Tag: nuclear war

Loose Lips Sink Ships (of State)


The dotard’s discourse has deadly consequences at home and abroad. pResident Biden has already caused thousands, perhaps tens of thousands, of violent deaths in Ukraine, for starters. And the butcher’s bill will likely tally much higher over the next two years, and more if the self-serving RepubliCAN’T cohort, led by Mendacious McConnell and Misleading McCarthy, get their way. McConnell and McCarthy are salivating, to put it politely, over the pain abroad and at home. They are already measuring their imagined new offices for drapes and carpet, while rolling in donors’ dough. If we allow them to win, if we do not use the primary process to crush them, we will pay — from the pump, to the grocery store, to our liberty and our future prospects in the world.

No president in the entire history of confrontation between the nuclear superpowers, the Russian empire and the American republic, has ever spoken deliberately on microphone, let alone on camera, as has pResident Biden. Here are his words, from the official White House transcripts.

State of the Union 2022:

The Cuban Missile Crisis, as Viewed From a Soviet Launch Facility


This month marks the 57th anniversary of the Cuban Missile Crisis, which brought the world dangerously close to thermonuclear war.  Several years ago,  I read Rockets and People, the totally fascinating memoir of Soviet rocket developer Boris Chertok, which I reviewed here. Chertok’s career encompassed both military and space-exploration projects, and in late October 1962 he was focused on preparations for launching a Mars probe. On the morning of Oct 27, he was awakened by “a strange uneasiness.” After a quick breakfast, he headed for the missile assembly building, known as the MIK.

At the gatehouse, there was usually a lone soldier on duty who would give my pass a cursory glance. Now suddenly I saw a group of soldiers wielding sub-machine guns, and they thoroughly scrutinized my pass. Finally they admitted me to the facility grounds and there, to my surprise, I again saw sub-machine-gun-wielding soldiers who had climbed up the fire escape to the roof of the MIK. Other groups of soldiers in full combat gear, even wearing gas masks, were running about the periphery of the secure area. When I stopped in at the MIK, I immediately saw that the “duty” R-7A combat missile, which had always been covered and standing up against the wall, which we had always ignored, was uncovered.

This week on Banter, Nick Eberstadt joined the show to explain the ongoing nuclear standoff with North Korea and possible strategies to mitigate the nuclear threat. Eberstadt holds the Henry Wendt Chair in Political Economy at AEI. His work focuses on demographics and economic development as well as international security in the Korean peninsula and Asia. Additionally, Eberstadt serves as a senior adviser to the National Bureau of Asian Research (NBR).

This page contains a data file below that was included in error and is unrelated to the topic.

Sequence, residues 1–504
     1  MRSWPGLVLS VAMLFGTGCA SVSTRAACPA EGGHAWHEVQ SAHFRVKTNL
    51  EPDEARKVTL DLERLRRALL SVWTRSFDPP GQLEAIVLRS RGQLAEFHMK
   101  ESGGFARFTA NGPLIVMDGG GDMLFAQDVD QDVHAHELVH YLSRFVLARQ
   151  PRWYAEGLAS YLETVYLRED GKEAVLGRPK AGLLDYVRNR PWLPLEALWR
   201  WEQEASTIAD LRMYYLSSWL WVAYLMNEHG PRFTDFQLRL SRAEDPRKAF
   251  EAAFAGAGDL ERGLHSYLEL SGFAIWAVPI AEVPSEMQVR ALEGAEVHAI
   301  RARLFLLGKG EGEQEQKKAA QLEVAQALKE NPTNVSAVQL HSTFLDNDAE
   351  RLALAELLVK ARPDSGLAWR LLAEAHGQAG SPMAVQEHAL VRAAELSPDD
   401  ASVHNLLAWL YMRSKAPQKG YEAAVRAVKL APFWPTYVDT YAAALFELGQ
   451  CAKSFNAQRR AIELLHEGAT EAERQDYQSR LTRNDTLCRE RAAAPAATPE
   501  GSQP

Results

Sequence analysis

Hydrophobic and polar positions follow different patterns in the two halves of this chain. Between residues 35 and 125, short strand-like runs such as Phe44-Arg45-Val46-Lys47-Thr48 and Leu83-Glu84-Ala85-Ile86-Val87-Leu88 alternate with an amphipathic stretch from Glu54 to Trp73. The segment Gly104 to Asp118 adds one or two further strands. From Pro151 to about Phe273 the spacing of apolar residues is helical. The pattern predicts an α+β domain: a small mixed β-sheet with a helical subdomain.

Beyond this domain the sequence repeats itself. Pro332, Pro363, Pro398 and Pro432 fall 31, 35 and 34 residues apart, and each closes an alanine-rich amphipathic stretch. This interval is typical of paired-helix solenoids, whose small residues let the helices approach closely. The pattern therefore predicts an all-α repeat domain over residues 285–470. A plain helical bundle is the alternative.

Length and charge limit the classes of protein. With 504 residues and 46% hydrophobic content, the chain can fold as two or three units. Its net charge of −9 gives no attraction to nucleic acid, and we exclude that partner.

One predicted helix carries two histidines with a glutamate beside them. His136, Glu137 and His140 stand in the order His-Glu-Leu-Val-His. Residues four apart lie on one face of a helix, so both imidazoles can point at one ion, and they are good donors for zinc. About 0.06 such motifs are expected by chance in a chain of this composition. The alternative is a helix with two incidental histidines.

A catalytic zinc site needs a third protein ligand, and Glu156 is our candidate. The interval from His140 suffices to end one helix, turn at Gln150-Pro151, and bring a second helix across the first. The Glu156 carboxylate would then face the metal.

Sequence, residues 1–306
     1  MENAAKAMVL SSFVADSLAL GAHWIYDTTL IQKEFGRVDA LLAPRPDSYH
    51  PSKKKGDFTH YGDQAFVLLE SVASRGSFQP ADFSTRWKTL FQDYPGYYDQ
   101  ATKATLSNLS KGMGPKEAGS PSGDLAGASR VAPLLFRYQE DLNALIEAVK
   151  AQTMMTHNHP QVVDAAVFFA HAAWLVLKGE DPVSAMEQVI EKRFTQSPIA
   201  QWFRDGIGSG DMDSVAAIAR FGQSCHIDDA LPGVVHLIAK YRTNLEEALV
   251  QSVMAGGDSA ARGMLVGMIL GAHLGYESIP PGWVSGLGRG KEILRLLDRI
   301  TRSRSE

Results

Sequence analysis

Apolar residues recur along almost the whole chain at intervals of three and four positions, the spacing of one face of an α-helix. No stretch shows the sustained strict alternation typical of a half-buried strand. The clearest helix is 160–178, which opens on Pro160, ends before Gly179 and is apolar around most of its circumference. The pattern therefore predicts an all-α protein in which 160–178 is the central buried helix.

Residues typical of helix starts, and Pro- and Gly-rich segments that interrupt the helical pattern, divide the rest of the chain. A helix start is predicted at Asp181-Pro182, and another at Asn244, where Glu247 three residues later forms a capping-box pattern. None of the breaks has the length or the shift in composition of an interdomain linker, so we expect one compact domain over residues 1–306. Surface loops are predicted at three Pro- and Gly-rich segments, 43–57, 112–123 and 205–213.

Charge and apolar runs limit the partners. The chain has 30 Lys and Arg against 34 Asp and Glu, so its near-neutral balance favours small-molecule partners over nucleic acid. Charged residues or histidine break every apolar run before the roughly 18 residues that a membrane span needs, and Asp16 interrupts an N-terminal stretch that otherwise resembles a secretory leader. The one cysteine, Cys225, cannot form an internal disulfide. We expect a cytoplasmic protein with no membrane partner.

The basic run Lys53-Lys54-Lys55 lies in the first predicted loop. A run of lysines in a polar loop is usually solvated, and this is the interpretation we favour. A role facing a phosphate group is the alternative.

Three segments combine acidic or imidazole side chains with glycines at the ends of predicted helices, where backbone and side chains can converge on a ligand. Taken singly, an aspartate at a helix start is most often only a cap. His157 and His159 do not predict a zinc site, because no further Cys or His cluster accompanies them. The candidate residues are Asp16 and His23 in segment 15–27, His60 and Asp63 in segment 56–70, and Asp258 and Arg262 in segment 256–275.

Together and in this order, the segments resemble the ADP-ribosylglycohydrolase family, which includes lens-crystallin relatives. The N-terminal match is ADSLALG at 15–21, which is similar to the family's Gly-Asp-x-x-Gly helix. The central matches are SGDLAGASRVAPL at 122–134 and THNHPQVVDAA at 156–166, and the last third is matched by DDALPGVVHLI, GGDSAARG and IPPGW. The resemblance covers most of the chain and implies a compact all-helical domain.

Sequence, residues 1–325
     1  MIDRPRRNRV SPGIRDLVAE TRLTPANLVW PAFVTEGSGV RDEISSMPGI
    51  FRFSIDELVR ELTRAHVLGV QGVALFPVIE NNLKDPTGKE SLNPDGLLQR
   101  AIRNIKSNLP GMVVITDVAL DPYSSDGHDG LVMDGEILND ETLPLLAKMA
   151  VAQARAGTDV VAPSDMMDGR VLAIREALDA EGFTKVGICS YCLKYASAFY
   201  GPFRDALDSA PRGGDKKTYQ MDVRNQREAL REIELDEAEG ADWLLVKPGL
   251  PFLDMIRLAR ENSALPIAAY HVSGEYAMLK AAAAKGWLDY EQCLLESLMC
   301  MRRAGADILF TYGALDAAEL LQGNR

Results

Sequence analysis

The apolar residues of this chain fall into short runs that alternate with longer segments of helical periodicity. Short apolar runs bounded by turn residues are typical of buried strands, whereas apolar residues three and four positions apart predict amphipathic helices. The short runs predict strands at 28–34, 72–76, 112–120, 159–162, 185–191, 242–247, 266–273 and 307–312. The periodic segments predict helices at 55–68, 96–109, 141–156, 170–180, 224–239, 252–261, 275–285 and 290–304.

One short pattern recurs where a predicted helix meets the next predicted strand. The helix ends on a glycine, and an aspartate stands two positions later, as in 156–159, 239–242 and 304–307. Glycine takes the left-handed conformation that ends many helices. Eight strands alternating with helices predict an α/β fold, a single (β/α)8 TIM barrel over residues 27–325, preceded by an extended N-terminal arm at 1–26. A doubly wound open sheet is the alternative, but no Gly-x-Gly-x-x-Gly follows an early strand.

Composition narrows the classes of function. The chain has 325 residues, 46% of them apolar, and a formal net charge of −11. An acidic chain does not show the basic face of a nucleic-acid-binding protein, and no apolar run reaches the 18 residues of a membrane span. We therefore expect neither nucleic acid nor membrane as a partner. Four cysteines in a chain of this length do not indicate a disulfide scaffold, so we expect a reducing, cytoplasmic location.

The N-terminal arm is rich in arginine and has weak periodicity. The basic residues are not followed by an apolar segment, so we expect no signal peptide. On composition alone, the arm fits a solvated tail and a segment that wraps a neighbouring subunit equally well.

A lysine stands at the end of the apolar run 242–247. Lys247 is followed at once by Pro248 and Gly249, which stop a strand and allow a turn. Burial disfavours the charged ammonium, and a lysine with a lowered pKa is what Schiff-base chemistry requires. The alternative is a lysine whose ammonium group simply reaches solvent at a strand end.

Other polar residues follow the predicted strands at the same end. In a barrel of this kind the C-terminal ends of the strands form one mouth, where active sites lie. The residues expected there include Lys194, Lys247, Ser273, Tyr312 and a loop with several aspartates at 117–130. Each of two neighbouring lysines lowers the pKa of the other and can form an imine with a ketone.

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New Yorker journalist visits North Korea I never listen to Fresh Air any more, but this evening events transpired so that I listened once again.  And, just like old times, I found it interesting.  So I thought I’d share it.  I came in right at the very end of the broadcast where the interviewee discusses […]

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Duck and Cover and Bert the Turtle


As Americans, we learned in the 1950’s that it might not be a good idea to take life for granted. In particular, children were deeply affected by the threat of annihilation by a nuclear bomb. The Virginia Historical Society described that period in this way:

Air raid drills. Conelrad. Bomb shelters. Duck and cover. All of these were familiar terms to Americans in the Cold War culture of the 1950s. The future looked uncertain in the new Atomic Age, and there was growing tension between America and the Soviet Union. People lived with the threat of nuclear war as part of their daily lives.

President Harry Truman established the Federal Civil Defense Administration (FCDA) in 1950 after the outbreak of the Korean War. As part of the Alert America campaign, the FCDA flooded the public with some 400 million pieces of survival literature that attempted to educate and reassure people that simple civil defense procedures would protect them from a nuclear attack. People received maps showing evacuation routes, families were encouraged to build their own bomb shelters, and countless schoolchildren watched the movie “Duck and Cover” and practiced hiding under their desks when they “see the flash.”

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I’ve recently begun trying my hand at “storytelling” podcasts. I thought this one might be somewhat appealing to my fellow Ricochetti. This is the story of the most important man in the world. Most people don’t know his name, but I’m guessing many of you here will. Preview Open

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